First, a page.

In Pakistan, there has been a lot of noise and fury, full of hollow slogans and chest thumping about our ‘sovereignty’ and how the 180 million people of Pakistan are prepared to defend it against any US-led ‘boots on the ground’ inside Pakistani territory. Sceptics view this chorus as delusionary, misplaced nationalism. Soberer minds recognise that the game is one of brinkmanship, not taking on the world’s sole superpower which, despite its economic troubles, packs the most powerful and overwhelming military punch in the world. Both sides are pushing the envelope to the maximum. The risk is that given the polarisation between public opinion in the two countries, this brinkmanship can spill over into actual confrontation if care is not exercised. There are those amongst us who think we have the US over a barrel and therefore whatever the bluster out of Washington, as the prime minister put it, the US “cannot live with us and cannot live without us”. There may be truth in that assertion, although how far this can be pushed must be a cause for concern. Two points need noting here. Arguably, if we continue to nettle the Americans through our support to extremists who are giving them a bloody nose every so often, the US will, if it is not already, explore options that reduce its logistical dependence on Pakistan. A by-product of this will be immediate and perhaps long term strictures on the political, economic and diplomatic front, which will hurt Pakistan gravely. When and if the US’s hands are freed from the Afghan quagmire, it will not look kindly on our shenanigans. Retribution is the leitmotif of empires. Two, even if the US finds ways to live without us, the question remains, can we live without the US (goodwill)? This is not a time for emotional froth, it is a time for sober reflection where Pakistan’s interests lie and whether these are compatible any longer with the dual policy adopted after 9/11, in which the blood lust in American eyes was sought to be assuaged by cracking down on and delivering al Qaeda, while preserving the Afghan Taliban for a protracted campaign of guerrilla and asymmetrical warfare that has been the hallmark of all resistance movements to foreign occupiers in Afghan history.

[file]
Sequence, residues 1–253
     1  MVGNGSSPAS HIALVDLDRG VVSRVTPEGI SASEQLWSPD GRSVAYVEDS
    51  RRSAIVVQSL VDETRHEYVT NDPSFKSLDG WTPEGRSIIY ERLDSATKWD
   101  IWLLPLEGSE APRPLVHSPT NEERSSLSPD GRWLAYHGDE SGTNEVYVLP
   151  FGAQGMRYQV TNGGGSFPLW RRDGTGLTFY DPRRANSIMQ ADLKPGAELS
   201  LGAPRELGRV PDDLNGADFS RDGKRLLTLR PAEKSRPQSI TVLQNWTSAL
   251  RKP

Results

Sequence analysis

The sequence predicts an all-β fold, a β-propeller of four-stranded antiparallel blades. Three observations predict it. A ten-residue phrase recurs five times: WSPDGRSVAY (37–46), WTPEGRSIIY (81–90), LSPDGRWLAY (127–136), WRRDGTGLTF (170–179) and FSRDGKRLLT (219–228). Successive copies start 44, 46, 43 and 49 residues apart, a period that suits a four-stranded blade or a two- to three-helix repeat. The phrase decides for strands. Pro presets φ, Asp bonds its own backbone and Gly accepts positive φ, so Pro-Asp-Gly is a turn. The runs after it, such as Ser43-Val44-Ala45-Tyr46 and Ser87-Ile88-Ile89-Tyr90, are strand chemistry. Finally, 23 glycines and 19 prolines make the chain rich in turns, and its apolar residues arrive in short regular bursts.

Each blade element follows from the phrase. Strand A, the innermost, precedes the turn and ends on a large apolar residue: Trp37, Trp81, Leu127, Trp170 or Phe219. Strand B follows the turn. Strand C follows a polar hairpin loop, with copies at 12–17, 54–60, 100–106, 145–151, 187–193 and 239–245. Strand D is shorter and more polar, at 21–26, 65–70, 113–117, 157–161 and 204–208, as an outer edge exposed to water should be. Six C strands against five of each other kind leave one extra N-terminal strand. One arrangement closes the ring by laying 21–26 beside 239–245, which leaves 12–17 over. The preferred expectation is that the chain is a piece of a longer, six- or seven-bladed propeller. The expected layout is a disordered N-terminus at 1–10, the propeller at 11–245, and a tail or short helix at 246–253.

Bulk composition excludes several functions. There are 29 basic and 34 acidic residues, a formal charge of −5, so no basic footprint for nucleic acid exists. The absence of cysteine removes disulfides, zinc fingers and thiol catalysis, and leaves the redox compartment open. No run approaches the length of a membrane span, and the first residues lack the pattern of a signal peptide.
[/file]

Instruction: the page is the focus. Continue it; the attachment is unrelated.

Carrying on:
As the withdrawal date looms, domestic politics and the exigencies of seeking re-election could tie Obama’s hands to adhere to the declared course. However, a question mark has arisen over the feasibility of the withdrawal plan as announced. In some ways it is natural that in the phase of withdrawal, the Taliban and Haqqani network are stepping up their attacks to strengthen their position in post-withdrawal Afghanistan. The bypassing of the ISI by the US and the Afghan government in negotiations with the insurgents may also be a contributory factor in the escalating seriousness of the ‘state of siege’, particularly in Kabul, which the Afghan government and its allies would like to portray as their secure base. The more that myth is shattered by bold attacks on the US embassy, Nato headquarters and other ostensibly secure establishments, the more the withdrawal plan begins to look unrealistic. The coming vacuum of power has not, and does not seem likely to in the foreseeable future, been filled by the Afghan security forces. Withdrawal of foreign forces may be the harbinger therefore of either a long civil war or the quick running over of the anti-Taliban alliance. Potentially, a Taliban government in Kabul this time will spell trouble for Pakistan in the shape of the Pakistani Taliban. We are crafting the tools of our own destruction unthinkingly.